Punk veteran Siouxsie Sioux has added her name to the list of celebrities urging bosses at a top British department store to stop selling foie gras. Fortnum & Mason chiefs are under increasing pressure to pull the product from its shelves following a People for the Ethical Treatment of Animals (PETA) campaign backed by celebrities including Sir Roger Moore, Morrissey and Ralph Fiennes.
The Siouxsie and the Banshees frontwoman has penned a letter to the store's CEO Ewan Venters urging him to follow other leading department stores and abandon the controversial pate.
She writes, "Music, fashion and taste evolve. Other iconic British shops such as Selfridges and Harvey Nichols have listened to their customers and now realise that selling foie gras is a faux pas. So please Mr Venters, get with the times and take this vile product off your shelves."
While Hans Zimmer's scores have expertly matched the dark tone of Christopher Nolan's Batman trilogy, it seems a shame that the rebooted caped crusader has been robbed of the blockbuster pop song in addition to a sense of humor, a concise running time and in the case of The Dark Knight Rises, a coherent plot. Indeed, Batman & Robin may have been slaughtered by critics for its style over substance, wooden performances and Mr. Freeze's horrendously corny one-liners, but at least it had a great theme tune. Here's a look at five of the best songs released during the Keaton/Kilmer/Clooney era.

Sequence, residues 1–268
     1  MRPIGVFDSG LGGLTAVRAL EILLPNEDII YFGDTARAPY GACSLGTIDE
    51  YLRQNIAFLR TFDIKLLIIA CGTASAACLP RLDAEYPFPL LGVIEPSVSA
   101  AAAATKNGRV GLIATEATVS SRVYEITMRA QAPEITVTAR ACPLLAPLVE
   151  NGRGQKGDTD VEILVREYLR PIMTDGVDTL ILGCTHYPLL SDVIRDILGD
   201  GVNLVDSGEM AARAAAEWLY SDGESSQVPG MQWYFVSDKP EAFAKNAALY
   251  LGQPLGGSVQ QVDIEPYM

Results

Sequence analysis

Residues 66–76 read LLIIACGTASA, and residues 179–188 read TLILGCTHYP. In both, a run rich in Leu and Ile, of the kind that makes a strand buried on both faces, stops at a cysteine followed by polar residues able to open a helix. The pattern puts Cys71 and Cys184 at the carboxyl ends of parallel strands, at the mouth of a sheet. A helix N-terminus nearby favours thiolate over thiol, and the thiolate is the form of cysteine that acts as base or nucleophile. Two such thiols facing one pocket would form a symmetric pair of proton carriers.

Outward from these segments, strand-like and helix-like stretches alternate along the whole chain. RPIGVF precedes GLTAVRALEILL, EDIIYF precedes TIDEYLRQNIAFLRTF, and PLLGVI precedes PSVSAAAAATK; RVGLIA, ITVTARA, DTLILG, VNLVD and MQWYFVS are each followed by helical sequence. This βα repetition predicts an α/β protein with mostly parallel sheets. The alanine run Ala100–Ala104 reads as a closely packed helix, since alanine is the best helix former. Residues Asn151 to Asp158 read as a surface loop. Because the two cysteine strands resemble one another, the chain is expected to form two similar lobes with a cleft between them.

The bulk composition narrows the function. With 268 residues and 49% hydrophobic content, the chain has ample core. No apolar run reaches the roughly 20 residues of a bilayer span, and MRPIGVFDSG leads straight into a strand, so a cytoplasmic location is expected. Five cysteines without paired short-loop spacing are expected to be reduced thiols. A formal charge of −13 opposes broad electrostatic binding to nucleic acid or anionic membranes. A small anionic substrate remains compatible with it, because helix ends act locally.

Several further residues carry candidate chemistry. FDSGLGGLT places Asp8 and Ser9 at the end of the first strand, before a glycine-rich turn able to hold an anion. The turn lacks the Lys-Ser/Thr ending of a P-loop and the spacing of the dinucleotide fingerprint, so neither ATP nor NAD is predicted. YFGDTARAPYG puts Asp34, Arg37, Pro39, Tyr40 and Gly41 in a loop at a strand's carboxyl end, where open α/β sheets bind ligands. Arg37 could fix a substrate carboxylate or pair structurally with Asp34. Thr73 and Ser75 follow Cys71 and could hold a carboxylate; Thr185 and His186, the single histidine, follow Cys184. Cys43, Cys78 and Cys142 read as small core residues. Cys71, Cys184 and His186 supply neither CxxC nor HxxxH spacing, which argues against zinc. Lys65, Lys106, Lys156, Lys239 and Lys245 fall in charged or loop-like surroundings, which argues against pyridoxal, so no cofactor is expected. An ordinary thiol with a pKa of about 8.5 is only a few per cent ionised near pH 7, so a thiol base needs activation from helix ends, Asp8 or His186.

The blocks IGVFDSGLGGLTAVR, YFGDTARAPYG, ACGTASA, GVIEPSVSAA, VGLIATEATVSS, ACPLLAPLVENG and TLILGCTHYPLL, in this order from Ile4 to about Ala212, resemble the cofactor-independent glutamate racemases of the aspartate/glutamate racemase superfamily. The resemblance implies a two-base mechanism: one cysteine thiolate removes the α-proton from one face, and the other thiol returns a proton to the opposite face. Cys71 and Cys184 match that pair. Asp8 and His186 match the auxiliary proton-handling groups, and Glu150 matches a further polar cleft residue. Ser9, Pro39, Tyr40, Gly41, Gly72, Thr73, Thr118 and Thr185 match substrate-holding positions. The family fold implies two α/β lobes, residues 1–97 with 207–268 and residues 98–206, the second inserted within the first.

Prince – "Batdance"
One of nine tracks The Purple One recorded for 1989's Batman, US number one hit "Batdance" might not exactly be his finest hour. But its slightly ridiculous mix of percussive dance-pop, slinky electro-funk and sampled dialogue certainly echoed the chaos caused by Jack Nicholson’s The Joker.
Siouxsie & The Banshees – "Face To Face"
Adopting the slinky feline persona of Catwoman, goth-punk icon Siouxsie Sioux sensuously purred her way through this appropriately tense waltz-like accompaniment to Batman Returns' revelatory ballroom scene.
Seal – "Kiss From A Rose"
Initially ignored on its 1994 release, "Kiss From A Rose" then topped the US charts a year later when it landed on the Batman Forever OST. Slushy it may be, but an impassioned Seal sells the pop madrigal as if his life depended on it.
U2 – "Hold Me, Thrill Me, Kiss Me, Kill Me"
Nominated for both a Golden Globe and a Razzie, this T. Rex pastiche divided audiences when it appeared on the soundtrack to Joel Schumacher's less-derided directorial attempt. But 18 years on, its majestic electro-rock production stands shoulder to shoulder with anything else U2 produced during the 90s.